Stopping and starting lessons to chase down materials is distracting and inefficient, and it compromises the learning process.
We believe so strongly in this recommendation, that every video in the FirstPath Autism library includes a reminder to gather necessary learning tools, data sheets, and reinforcers beforehand!
For more detailed instructions on creating a supportive in-home space for ABA reinforcement, check out Board Certified Behavior Analyst (BCBA) Tameika Meadows’ blog post Checklist: Preparing the In-Home Environment for Therapy.
TIP: Make therapy a part of your daily routine.
Make every effort to include ABA therapy as a part of your daily routine. By doing so, you’ll help eliminate wondering, “When will we fit in a session today?” Better still, you’ll drive greater progress by keeping things stable and consistent.
Why? Well, your child will be empowered to make gains because if you commit to daily work, you’ll practice more over the long term.
Remember that fantastic line from Anthony Trollope that we quoted in our blog post, Why ABA reinforcement at home makes a huge difference:
“A small daily task, if it be really daily, will beat the labors of a spasmodic Hercules.”
Doing a short ABA session every single day will yield greater results than doing a longer ABA session only every now and then.
In addition, setting a time means that you’ll effectively cue your child’s brain to expect to learn at the same time each day.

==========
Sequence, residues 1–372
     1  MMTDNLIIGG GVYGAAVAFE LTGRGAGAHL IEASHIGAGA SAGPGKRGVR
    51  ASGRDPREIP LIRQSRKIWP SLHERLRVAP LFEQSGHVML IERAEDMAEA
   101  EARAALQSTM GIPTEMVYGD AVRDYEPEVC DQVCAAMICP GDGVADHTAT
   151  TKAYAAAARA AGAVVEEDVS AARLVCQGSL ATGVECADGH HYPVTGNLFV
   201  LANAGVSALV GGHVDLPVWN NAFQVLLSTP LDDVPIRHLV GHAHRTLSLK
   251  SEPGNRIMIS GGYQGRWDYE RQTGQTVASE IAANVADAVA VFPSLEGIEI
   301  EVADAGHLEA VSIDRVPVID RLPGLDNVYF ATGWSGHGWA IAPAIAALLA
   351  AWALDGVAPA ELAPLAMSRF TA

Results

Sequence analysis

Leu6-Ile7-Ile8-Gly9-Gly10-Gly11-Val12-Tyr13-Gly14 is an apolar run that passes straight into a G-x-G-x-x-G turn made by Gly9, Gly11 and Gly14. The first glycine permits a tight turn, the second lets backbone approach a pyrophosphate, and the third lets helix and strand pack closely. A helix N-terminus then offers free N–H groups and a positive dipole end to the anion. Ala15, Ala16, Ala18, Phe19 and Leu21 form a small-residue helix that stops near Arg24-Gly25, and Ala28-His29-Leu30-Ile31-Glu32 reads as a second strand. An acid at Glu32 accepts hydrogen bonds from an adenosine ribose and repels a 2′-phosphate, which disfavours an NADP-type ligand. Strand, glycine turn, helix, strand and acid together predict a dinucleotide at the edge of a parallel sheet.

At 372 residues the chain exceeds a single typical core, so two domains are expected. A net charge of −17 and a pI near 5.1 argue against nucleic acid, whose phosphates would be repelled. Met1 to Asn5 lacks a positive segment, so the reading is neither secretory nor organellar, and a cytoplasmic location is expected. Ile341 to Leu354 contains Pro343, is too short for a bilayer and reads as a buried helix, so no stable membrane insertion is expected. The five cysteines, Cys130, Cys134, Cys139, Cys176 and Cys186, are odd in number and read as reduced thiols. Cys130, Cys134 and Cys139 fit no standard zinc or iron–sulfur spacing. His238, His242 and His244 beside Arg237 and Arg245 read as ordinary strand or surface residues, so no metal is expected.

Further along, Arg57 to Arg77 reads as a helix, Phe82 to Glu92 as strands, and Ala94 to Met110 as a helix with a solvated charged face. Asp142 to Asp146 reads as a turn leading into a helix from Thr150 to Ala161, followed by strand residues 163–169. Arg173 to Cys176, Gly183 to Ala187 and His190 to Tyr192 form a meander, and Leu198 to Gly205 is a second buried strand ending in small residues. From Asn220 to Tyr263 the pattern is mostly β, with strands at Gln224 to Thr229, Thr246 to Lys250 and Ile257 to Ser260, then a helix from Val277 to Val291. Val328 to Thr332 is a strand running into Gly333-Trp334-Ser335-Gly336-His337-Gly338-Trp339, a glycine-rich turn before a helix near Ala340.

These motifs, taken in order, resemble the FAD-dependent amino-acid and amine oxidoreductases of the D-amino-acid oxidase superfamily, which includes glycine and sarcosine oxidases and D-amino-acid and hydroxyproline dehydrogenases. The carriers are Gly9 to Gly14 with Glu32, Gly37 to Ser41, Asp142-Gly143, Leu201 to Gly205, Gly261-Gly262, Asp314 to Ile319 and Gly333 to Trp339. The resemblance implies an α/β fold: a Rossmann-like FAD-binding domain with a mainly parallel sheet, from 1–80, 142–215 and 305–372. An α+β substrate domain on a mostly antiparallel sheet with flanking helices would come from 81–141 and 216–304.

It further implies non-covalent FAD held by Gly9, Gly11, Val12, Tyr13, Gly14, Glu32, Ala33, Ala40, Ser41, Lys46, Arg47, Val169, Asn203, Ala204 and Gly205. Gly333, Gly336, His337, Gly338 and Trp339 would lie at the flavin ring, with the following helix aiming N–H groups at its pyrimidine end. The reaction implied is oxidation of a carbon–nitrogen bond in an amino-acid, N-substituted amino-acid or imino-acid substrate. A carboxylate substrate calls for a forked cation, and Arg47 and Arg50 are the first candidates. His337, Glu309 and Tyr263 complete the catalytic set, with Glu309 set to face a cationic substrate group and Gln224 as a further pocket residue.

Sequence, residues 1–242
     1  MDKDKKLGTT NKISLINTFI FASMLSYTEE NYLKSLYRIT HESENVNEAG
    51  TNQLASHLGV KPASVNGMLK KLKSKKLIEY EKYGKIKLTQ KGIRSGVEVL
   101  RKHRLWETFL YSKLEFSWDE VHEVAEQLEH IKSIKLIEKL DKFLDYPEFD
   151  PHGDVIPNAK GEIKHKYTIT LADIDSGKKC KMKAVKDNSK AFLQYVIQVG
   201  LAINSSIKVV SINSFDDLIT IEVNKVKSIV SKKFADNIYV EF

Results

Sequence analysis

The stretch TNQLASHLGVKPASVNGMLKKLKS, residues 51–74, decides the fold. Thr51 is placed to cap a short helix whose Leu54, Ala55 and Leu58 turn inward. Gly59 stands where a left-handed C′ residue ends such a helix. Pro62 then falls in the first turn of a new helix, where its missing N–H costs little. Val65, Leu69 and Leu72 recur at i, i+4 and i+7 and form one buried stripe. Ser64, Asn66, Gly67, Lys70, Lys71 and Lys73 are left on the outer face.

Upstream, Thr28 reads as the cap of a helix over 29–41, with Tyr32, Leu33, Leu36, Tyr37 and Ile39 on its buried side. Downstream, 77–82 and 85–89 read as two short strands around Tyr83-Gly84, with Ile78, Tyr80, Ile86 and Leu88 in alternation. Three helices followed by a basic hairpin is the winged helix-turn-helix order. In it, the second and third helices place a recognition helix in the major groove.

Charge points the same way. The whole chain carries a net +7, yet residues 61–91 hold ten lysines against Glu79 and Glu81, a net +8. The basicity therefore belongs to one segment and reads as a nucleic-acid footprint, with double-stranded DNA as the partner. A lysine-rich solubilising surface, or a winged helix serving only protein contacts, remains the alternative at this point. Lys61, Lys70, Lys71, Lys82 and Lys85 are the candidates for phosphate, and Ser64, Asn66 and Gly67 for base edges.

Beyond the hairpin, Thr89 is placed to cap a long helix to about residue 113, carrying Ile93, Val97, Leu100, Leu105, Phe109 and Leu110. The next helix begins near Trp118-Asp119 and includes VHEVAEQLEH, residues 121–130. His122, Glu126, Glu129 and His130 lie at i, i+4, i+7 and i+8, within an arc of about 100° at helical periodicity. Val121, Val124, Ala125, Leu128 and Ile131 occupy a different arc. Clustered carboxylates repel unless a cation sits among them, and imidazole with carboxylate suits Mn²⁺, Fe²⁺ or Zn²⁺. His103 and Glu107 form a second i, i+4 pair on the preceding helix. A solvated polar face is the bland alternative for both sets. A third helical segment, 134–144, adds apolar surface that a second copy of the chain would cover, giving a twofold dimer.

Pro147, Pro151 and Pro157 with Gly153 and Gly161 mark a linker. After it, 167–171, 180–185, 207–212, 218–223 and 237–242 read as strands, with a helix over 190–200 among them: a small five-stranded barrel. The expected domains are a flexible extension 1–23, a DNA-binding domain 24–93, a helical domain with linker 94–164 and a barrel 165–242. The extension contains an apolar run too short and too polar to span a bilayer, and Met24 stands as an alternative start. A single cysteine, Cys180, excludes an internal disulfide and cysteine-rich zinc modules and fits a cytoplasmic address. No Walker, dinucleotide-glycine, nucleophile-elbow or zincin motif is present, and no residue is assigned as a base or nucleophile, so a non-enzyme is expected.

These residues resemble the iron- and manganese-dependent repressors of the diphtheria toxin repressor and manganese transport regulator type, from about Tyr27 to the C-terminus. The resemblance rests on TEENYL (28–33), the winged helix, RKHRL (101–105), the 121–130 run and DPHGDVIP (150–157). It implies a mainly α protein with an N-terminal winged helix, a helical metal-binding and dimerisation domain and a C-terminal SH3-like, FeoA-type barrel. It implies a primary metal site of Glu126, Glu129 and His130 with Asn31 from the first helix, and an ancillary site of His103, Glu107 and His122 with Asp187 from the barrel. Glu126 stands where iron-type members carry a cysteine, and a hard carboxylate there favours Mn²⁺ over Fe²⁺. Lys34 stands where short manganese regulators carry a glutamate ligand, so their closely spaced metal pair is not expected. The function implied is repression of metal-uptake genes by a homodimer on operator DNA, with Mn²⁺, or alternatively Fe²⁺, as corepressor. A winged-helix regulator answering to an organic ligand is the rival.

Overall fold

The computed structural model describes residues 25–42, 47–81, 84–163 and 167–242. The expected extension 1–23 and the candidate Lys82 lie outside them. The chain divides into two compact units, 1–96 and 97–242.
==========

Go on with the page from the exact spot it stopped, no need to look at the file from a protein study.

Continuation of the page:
Professional artists often advise aspirants to establish regular artistic disciplines. Routine allows magic to happen. If a painter always goes to work at 9am, there’s less chance of resistance and a greater possibility of inspiration.
As New York Times bestselling author Anne Lamott writes in Bird By Bird:
“You try to sit down at approximately the same time every day. This is how you train your unconscious to kick in for you creatively.”
The same goes for your child’s ABA reinforcement. If you adhere to a routine, you’ll lessen opposition, train the unconscious to kick in, and open the door for progress.
That said, plans do change and sometimes you’ll need to reschedule your in-home sessions. But don’t let the odd crisis keep you from establishing a consistent rhythm.
TIP: Know that there will be difficult times.
Yes, you can improve your child’s in-home ABA experience by taking the practical steps we’ve outlined above. Yet perhaps the most important step you can take is to adjust your own expectations.
Paradoxically enough, your child’s therapy journey gets easier when you expect it to be hard sometimes.
As autism parent Shirley Nutt shared in her guest post on our blog, How ABA reinforcement at home helped one family:
“I remember … crying privately because [at first] it was painful to administer the medicine of ABA …. I realized that ABA is to autism as chemo is to cancer …. and that helped give me strength to get through the tough spots.”
So if your child is exhibiting difficult behaviors associated with extinction bursts, hang in there. Ask for help from your clinician and support team, and trust that your perseverance will pay off in the end.